To understand the concept of a circular economy, it is useful to recognise its alternative: the linear economy. Large parts of our manufacturing sector continue to operate under the principles of a linear economy where products are made, sold and then simply discarded at the end of their useful life.
Some call this the ‘take, make and dispose’ model and condemn it as a major source of the rampant consumerism that inefficiently uses finite resources and generates huge quantities of waste.
So, what’s the alternative?
The circular economy works in an entirely different way. Instead of behaving in an unsustainable manner, the circular economy calls upon us to design waste out of the making and consumption of goods.
How is this achieved? According to the Ellen Macarthur Foundation1, a key proponent of the circular economy concept, there are three core principles:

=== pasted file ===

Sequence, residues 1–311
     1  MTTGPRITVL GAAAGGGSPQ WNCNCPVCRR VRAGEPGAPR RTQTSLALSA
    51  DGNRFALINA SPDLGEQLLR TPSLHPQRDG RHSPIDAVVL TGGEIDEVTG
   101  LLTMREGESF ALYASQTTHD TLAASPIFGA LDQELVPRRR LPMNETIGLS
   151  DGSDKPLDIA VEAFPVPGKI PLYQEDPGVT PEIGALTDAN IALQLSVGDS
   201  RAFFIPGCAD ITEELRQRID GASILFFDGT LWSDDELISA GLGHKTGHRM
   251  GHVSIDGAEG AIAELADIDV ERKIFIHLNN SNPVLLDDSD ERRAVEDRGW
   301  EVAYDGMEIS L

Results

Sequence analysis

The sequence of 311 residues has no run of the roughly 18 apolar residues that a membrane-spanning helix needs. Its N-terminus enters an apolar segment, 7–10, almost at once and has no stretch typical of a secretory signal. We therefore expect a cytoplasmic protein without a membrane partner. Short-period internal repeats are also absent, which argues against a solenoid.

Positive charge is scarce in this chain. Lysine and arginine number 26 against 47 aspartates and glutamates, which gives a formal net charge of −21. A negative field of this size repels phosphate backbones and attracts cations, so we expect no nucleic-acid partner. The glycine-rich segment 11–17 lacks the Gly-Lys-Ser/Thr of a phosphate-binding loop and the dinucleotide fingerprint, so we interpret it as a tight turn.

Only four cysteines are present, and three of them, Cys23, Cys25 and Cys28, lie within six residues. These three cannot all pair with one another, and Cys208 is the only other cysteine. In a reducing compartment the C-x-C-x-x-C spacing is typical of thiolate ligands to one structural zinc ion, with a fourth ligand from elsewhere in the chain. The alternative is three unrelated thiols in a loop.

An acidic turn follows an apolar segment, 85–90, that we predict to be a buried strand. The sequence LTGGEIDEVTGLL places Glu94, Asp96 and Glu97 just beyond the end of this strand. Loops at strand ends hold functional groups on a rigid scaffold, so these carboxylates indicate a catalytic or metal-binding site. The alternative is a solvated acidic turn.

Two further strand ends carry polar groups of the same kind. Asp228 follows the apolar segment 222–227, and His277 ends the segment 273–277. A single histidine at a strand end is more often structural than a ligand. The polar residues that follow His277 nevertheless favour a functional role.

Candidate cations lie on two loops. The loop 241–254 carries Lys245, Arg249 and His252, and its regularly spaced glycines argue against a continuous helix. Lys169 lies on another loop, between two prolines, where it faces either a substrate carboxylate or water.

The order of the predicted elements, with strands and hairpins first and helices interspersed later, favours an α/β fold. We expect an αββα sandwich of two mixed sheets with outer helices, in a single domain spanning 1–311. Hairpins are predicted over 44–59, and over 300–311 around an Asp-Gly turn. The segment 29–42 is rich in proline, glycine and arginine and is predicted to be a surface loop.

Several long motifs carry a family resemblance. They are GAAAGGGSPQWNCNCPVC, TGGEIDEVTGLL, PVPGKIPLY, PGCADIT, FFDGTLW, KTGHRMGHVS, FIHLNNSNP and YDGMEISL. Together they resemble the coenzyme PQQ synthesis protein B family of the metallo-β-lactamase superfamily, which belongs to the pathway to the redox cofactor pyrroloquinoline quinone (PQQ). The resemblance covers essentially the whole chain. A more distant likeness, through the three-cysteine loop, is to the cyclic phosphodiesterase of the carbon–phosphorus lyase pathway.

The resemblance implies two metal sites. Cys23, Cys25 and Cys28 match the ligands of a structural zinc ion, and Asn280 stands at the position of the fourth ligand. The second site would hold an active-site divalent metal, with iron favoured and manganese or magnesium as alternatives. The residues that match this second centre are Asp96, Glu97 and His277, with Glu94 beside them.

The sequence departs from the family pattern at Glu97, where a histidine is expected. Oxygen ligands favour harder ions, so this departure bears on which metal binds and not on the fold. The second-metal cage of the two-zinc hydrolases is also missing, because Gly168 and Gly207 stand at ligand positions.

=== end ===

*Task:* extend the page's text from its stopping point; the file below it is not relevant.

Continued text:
1. Eliminate waste and pollution
While it might seem that some waste is inevitable, in truth waste is a design choice. Most likely, no-one at the design stage has thought to ask, ‘what happens to this thing at the end of its life?’, much less consider how it can be maintained, reused or recycled. The goal here is simply to stop waste before it is created.
2. Circulate products and materials
Keeping materials in use means thinking about whether an item can be repaired to extend its life, remade into other goods, recycled so that materials can be recovered or returned to the earth, where appropriate, for composting. Again, product design is the essential first step in keeping products and materials in constant use.
3. Regenerate nature
By shifting the focus from extraction to regeneration, we can take active steps to improve and fortify the natural world. This is particularly important in farming, where agricultural land benefits from regenerative practices that resemble natural ecosystems and reduce our reliance on pesticides, fertilisers and finite resources in order to create workable land.
How Hand 2 Heart helps
By making healthcare scrubs using only recycled materials, Hand 2 Heart is part of the circular economy. When you buy scrubs by Hand 2 Heart, you’re also given the chance to return them at the end of their useful life for repurposing into other goods.
- Ellen Macarthur Foundation ellenmacarthurfoundation.org/topics/circular-economy-introduction/overview (2022)